Milepost 22 Fire threatens homes in Central Washington

The fire is near the Columbia River 19 miles east of Ellensburg

Milepost 22 Fire

Above: The Milepost 22 Fire, Wednesday night. Photo by Washington State DNR.

(UPDATED at 10:53 a.m. PDT June 21, 2018)

The Washington State DNR announced at about 10 a.m. Friday that the Milepost 22 fire has burned approximately 4,000 to 5,000 acres.


(Originally published at 7:32 a.m. PDT June 21, 2018)

A fire that started late Wednesday afternoon is threatening homes in Central Washington. The Milepost 22 Fire was first reported about two miles north of Interstate 90. Since then it has burned at least 1,750 acres, according to the Washington State Department of Natural Resources.

The blaze is just west of Wanapum Lake on the Columbia River at Vantage, Washington and is on both sides of the Vantage Highway which is parallel to and north of Interstate 90. The highway was closed Wednesday afternoon due to downed power lines, but the Interstate remained open.

map Milepost 22 Fire
Map showing heat detected on the Milepost 22 Fire by a satellite at 3:25 a.m. PDT June 21, 2018. Click to enlarge.

Thursday morning the DNR reported that the fire was still growing. A Type 3 Incident Management Team will assume command of the fire at 6 a.m. Thursday.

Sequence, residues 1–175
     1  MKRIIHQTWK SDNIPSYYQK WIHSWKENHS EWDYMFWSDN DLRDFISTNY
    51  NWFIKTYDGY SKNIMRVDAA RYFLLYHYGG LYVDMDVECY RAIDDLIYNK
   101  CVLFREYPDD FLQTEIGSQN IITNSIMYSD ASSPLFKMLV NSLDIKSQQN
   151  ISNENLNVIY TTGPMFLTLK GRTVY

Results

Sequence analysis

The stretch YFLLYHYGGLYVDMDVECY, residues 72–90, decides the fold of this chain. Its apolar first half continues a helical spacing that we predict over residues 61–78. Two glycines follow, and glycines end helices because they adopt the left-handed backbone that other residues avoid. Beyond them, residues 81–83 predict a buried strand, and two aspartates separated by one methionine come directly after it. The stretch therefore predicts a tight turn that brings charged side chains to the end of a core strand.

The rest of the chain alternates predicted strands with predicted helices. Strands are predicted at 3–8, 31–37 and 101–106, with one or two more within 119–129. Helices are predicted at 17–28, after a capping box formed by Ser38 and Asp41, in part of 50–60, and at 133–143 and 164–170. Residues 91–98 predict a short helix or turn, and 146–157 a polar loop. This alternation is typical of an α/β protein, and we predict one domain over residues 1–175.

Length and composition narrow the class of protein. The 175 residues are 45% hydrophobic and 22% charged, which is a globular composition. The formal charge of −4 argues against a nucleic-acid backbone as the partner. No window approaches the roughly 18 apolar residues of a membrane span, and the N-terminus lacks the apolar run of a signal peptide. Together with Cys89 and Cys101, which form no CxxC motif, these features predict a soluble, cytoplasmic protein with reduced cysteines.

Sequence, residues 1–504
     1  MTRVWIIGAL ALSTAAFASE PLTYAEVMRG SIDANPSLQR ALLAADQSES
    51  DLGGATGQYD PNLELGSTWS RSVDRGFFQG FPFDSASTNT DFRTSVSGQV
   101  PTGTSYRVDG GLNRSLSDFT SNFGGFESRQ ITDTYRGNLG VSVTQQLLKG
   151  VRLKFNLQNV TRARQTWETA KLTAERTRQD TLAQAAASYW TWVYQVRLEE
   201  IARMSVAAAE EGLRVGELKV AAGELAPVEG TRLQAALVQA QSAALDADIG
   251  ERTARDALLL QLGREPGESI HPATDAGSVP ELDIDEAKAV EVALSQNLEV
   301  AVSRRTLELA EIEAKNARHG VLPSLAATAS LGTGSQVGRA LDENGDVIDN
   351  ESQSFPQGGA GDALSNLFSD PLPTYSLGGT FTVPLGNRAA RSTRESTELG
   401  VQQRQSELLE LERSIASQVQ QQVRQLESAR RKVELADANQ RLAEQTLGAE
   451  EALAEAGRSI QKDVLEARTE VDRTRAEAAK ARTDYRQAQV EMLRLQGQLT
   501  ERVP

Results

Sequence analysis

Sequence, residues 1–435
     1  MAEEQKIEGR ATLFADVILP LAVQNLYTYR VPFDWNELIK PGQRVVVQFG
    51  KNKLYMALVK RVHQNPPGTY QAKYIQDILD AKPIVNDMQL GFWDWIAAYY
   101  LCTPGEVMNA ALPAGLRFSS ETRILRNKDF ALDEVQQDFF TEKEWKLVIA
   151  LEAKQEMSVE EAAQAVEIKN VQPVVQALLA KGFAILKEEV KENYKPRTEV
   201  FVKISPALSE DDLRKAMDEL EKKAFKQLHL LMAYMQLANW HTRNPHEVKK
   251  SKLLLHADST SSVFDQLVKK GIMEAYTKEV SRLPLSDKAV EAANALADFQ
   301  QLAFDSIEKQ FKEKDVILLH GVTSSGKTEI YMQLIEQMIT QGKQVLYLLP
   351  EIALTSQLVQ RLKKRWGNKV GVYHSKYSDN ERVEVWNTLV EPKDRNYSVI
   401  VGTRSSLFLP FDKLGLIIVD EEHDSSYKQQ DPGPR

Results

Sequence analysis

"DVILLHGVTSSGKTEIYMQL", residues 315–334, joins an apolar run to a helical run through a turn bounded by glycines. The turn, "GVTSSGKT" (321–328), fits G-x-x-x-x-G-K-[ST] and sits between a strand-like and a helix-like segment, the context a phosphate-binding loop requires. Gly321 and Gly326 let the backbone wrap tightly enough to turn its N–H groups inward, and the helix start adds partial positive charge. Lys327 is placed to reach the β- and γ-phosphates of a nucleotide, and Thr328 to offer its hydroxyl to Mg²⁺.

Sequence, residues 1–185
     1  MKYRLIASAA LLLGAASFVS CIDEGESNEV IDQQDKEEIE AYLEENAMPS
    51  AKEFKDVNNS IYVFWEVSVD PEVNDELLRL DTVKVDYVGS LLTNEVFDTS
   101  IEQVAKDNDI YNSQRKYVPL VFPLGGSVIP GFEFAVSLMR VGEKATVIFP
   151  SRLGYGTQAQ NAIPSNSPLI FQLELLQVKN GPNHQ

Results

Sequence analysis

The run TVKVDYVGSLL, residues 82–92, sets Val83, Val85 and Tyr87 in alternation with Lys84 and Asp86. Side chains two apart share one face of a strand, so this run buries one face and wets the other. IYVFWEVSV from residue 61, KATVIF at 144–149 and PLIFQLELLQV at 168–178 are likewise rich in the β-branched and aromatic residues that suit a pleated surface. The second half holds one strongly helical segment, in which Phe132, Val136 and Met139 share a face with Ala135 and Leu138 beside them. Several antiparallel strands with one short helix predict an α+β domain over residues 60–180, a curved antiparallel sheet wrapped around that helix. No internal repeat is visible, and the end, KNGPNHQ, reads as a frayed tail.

The weather forecast for the fire area Thursday calls for temperature in the mid-80s, relative humidity in the low 30’s, and wind out of the northwest at 11 to 18 mph gusting at 18-25.

Milepost 22 Fire
The Milepost 22 Fire, Wednesday night. Photo by Washington State DNR.

Typos, let us know HERE, and specify which article. Please read the commenting rules before you post a comment.

Author: Bill Gabbert

After working full time in wildland fire for 33 years, he continues to learn, and strives to be a Student of Fire.

2 thoughts on “Milepost 22 Fire threatens homes in Central Washington”

  1. Just for info even if it does spread south to I-90 there won’t be much to burn. The section between the river and the top of the hill (west of the river) has at least two or three car/truck/etc caused fires a year due to the length and grade of the climb.
    Even in 70 degree weather the advice is to turn off A/C and other heat producers while attempting to climb that grade westbound.


Comments are closed.